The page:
tised later. Mr. J. Bickley is the hon. secretary. *** A SPLENDID line of preserving jars just arrived at G E Rogers & Son. *** A GRAND ball and supper to celebrate St. Patrick’s Day will be held in the Hastings Catholic School Hall on Friday, 19th March. Tickets will be sold at 3/-, 2/-, and 1/-. *** HOUSEWIVES will be interested in the new method of bottling fruit. Outfits now on view at G. E. Rogers and Son. *** MR. Percy Lyon announces that he has purchased the business lately carried on by Mr. A Shannon, of Frankston. Mr. Lyon, who is a returned soldier, is a practical baker and pastry cook, and is soliciting a share of public patronage. He undertakes to produce an article that will give entire satisfaction. *** LIEUT. H. W. James, who has seen service with the A.I.F., will give a lantern lecture entitled.”With the Fighting Forces Abroad,” in the Methodist Church, Frankston, on Thursday evening next, at 8 o’clock. *** CR. W. J Oates needs no introduction to the public of Frankston. It will give satisfaction to many to know, however, that he his entered into the business circle of the town, and will materially strengthen the ranks of the progressive commercial men who are endeavouring to push forward the

interests of the town. Mr. Oates announces in another column that he has purchased the business known as the “Frankston Dairy”, lately conducted by Messrs. Peebles and Strong. He intends to conduct the business on up-to-date lines, and guarantees an absolutely pure milk supply, direct from his own well-known dairy farm. *** We have been requested by. Mr. W. Minton, the Hon. Supt. of the Melbourne Ragged Boys’ Home, to acknowledge the receipt of a donation of £1 from Mr. R. R. Drake, the Treasurer of the “Seagull Swimming Club”, Long Island, Frankston, which amount has been accepted with many thanks, on behalf of the Boys’ Home on Oliver’s Hill, Frankston. *** LAST Sunday afternoon the Wattle Club entertained a number of invalid soldiers at Frankston. The following extract from the weekly report of the Red Cross V.M.C. speaks for itself: “Sunday was another ideal day for motoring, and the boys thoroughly enjoyed the run to Frankston, where they were entertained by the ladies of the “Wattle Club.” (The roads just past Moorabbin Station, until nearing Cheltenham, are fast falling into a very hard state, and a new track is being cut by the motorists on the south side. It is to be hoped that those responsible will take the repairs in hand quickly). The usual generous hospitality prevailed. There is always a special “personal touch” at Frankston – music and songs passed the afternoon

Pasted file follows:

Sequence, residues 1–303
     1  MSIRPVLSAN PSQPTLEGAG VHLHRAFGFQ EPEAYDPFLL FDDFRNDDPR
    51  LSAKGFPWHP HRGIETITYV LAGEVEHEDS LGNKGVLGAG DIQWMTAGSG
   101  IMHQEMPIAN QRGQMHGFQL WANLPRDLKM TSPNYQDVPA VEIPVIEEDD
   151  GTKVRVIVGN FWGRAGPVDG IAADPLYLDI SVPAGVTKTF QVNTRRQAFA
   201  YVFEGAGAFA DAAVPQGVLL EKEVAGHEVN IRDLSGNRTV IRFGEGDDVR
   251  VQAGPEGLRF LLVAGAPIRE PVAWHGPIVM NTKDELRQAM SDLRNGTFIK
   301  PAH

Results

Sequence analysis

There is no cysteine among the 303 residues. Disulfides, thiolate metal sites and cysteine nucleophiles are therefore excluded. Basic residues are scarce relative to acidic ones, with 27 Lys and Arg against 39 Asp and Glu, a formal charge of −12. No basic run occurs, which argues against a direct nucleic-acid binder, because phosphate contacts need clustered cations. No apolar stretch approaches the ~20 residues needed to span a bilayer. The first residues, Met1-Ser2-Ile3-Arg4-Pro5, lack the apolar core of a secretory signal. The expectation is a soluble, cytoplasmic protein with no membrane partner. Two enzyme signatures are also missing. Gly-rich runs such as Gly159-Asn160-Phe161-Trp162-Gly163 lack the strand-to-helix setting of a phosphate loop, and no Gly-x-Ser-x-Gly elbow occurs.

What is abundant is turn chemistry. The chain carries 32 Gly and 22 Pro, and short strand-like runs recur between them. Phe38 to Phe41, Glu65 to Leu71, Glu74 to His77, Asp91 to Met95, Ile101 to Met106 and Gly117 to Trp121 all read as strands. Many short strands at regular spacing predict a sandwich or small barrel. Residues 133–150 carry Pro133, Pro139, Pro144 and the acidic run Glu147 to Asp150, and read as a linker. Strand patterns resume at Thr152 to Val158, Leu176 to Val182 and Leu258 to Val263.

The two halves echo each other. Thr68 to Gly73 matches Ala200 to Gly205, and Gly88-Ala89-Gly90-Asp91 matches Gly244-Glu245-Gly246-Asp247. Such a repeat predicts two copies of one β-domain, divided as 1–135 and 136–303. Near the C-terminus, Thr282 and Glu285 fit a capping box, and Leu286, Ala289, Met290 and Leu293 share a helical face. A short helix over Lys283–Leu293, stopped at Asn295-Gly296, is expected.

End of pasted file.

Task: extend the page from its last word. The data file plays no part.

away. Our genial V.P. No. 3, in a delightfully ethereal vein, returned thanks on behalf of the V.M.C and the boys. He must have more opportunities of disclosing his hidden treasures of speech. The return trip was made at 4.30, and it is pleasing to relate that tyre troubles were absent on both outward and homeward journeys. Twenty-two cars were present.” *** THE many friends of Cr H. E. Unthank, of Hastings, will regret to learn that he was the victim of a serious riding accident yesterday. From particulars to hand it appears he was rounding up sheep on horse back in one of his home paddocks, when the horse fell and rolled on him. Mr Unthank when discovered some hours later was suffering excruciating pain, and his agony was so great that his friends desisted in their efforts to remove him to the homestead. The sufferer was made as comfortable as possible pending the arrival of medical aid which had been summoned by telephone. Dr Maxwell was speedily in attendance, and affording what relief was possible had the patient removed to St Pancras Private Hospital. *** OUR LETTER BOX To the Editor, Sir, I am extremely glad to see by your last number that the Frankston Gas and Electric Co. comes in for some well merited criticism. Yours is not the only complaint that I have heard, and such occur-

DOWN 1. Put on end 2. Catch sight of 3. Whirled 4. Flex (muscles) 5. Hardship 6. Has being 9. Noise 11. Launches suddenly